News Release

First giant dinosaur fossils from Xinjiang Hami Pterosaur Fauna found

Peer-Reviewed Publication

Chinese Academy of Sciences Headquarters

Artistic rendering of the palaeoecology of the Hami Pterosaur Fauna, with Silutitan sinensis on the left and Hamititan xinjiangensis on the right

image: Artistic rendering of the palaeoecology of the Hami Pterosaur Fauna, with Silutitan sinensis on the left and Hamititan xinjiangensis on the right view more 

Credit: ZHAO Chuang and WANG Xiaolin

A joint Sino-Brazilian research team led by Dr. WANG Xiaolin from the Institute of Vertebrate Paleontology and Paleoanthropology (IVPP) of the Chinese Academy of Sciences has reported new dinosaur fossils from the Early Cretaceous Hami Pterosaur Fauna. All three of the newly reported dinosaurs are classified in the Somphospondyli of the Sauropoda.

Their findings were published in Scientific Reports on August 12.

The Somphospondyli, a group of large size sauropods, is a lineage of Titanosauriformes. Most somphospondylans are large-bodied herbivores.

This is the first time that somphospondylans have been reported from the Early Cretaceous of Xinjiang and they are also the first dinosaurs reported from the Hami Pterosaur Fauna. The Early Cretaceous Hami Pterosaur Fauna is the largest and most abundant pterosaur fossil locality in the world. A large number of three-dimensional preserved male and female pterosaurs and pterosaur eggs and embryos have been found there.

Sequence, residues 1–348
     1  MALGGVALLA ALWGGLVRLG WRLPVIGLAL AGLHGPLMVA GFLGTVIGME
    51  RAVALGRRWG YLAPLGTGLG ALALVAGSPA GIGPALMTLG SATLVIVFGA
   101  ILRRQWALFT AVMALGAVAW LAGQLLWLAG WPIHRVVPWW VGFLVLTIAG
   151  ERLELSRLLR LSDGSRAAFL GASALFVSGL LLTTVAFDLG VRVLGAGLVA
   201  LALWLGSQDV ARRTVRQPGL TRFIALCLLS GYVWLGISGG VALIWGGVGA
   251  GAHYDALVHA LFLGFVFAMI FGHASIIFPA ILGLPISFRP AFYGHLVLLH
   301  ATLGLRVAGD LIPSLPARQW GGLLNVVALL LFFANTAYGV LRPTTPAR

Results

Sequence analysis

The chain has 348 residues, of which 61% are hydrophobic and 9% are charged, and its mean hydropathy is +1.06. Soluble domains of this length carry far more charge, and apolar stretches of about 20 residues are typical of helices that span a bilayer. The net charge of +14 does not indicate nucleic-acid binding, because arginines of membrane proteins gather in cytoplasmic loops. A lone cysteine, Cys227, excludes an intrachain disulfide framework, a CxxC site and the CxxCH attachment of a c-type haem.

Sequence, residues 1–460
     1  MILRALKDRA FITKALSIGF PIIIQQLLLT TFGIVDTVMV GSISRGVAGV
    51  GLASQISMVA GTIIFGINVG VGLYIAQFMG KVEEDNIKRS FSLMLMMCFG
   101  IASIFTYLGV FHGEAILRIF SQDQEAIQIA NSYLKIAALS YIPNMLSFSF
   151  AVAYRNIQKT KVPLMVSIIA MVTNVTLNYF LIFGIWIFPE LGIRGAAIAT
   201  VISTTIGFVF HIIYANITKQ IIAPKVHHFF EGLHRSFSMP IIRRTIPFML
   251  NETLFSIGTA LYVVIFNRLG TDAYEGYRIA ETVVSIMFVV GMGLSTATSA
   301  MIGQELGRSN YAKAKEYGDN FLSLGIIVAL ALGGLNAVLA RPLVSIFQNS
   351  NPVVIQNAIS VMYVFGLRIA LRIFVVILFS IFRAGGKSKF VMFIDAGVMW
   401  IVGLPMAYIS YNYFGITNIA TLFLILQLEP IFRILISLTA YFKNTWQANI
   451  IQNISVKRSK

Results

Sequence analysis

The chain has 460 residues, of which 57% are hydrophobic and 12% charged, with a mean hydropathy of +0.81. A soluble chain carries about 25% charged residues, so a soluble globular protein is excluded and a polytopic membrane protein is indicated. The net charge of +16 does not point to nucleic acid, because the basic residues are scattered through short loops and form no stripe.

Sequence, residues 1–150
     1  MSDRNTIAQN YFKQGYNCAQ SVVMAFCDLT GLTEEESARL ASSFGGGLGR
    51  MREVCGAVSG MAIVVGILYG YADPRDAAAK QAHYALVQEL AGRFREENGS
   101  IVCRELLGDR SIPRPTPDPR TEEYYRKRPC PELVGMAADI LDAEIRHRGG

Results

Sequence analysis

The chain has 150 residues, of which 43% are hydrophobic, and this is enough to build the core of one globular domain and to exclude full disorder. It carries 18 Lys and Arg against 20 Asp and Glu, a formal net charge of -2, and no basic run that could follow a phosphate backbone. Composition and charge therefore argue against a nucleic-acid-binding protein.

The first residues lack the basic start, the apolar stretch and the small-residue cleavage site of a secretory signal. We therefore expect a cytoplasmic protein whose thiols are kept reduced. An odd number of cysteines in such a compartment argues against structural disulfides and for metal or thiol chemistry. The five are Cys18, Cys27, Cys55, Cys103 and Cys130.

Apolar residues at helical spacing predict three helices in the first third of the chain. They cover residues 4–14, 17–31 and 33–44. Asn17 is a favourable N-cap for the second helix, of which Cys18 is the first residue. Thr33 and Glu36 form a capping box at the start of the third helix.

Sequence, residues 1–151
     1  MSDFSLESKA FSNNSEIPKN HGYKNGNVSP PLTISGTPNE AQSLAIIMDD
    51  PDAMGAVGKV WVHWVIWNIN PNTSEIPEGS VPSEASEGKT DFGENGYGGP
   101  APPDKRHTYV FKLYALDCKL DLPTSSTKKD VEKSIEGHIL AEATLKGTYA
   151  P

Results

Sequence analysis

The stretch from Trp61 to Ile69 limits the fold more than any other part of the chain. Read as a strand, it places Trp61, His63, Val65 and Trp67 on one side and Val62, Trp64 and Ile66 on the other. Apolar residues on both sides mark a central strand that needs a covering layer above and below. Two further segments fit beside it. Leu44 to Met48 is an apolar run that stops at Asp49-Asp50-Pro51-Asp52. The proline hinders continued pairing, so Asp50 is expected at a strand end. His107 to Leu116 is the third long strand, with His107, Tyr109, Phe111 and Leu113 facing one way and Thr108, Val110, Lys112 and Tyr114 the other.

The dinosaur fossils reported in the new paper are the first non-pterosaur vertebrates from the Hami Pterosaur Fauna. They were collected from a horizon equivalent to that of the pterosaur fossils. The three specimens were found about 2-5 km apart.

The researchers identified the first specimen as a new euhelopodid taxon and named it Silutitan sinensis based on some characteristics of its cervical vertebrae. They named the second specimen Hamititan xinjiangensis; it is regarded as a new titanosaurid taxon.

Silutitan sinensis preserves an articulated series of six cervical vertebrae (from the 10th to 15th). The length of a single cervical vertebra is between 455–540 mm and the longest is 540 mm. Its body length is estimated at more than 20 m. An incomplete lower jaw of a pterosaur, Hamipterus tianshanensis, was recovered associated with the holotype of Silutitan sinensis.

Hamititan xinjiangensis preserves an articulated series of seven caudal vertebrae (from the 4th to 10th); the middle five vertebrae are well preserved. The length of a single caudal vertebra is between 210–320 mm and the longest is 320 mm. The body length of Hamititan xinjiangensis is estimated to be 17 m. A small theropod tooth was found associated with the holotype of Hamititan xinjiangensis.

It is the first report of a theropod dinosaur discovered in this area. Because no tooth mark was found on any of the vertebra of the holotype of Hamititan xinjiangensis, it is uncertain whether this theropod could have fed on sauropods' carcasses. The herbivorous sauropods and carnivorous theropods provide new insight about the ecological diversity in the Hami Pterosaur Fauna.

Phylogenetic analysis shows that this taxon is the sister taxon of Euhelopus. However, this classification was only supported by the characteristics of the cervical vertebrae, and most of the clades were collapsed.

The researchers then scored Silutitan and Hamititan as separate taxa. In both results, Silutitan fell as sister-taxon of Euhelopus, supported by several characteristics. Both results show Hamititan is a member of Titanosauridae, though the positions of Hamititan were unstable among this clade.

This study increases the diversity of the Hami Pterosaur Fauna as well as information on Chinese sauropods, providing further evidence for the widespread diversification of somphospondylans during the Early Cretaceous of Asia.


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